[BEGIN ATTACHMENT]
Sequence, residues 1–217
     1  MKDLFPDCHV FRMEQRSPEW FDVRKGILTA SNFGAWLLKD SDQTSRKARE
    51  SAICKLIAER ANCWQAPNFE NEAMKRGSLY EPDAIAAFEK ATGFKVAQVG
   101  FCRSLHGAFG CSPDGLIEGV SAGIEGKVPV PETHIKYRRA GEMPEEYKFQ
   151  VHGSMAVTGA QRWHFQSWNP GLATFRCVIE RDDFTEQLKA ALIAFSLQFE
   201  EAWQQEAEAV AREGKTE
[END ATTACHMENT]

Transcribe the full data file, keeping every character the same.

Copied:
Sequence, residues 1–217
     1  MKDLFPDCHV FRMEQRSPEW FDVRKGILTA SNFGAWLLKD SDQTSRKARE
    51  SAICKLIAER ANCWQAPNFE NEAMKRGSLY EPDAIAAFEK ATGFKVAQVG
   101  FCRSLHGAFG CSPDGLIEGV SAGIEGKVPV PETHIKYRRA GEMPEEYKFQ
   151  VHGSMAVTGA QRWHFQSWNP GLATFRCVIE RDDFTEQLKA ALIAFSLQFE
   201  EAWQQEAEAV AREGKTE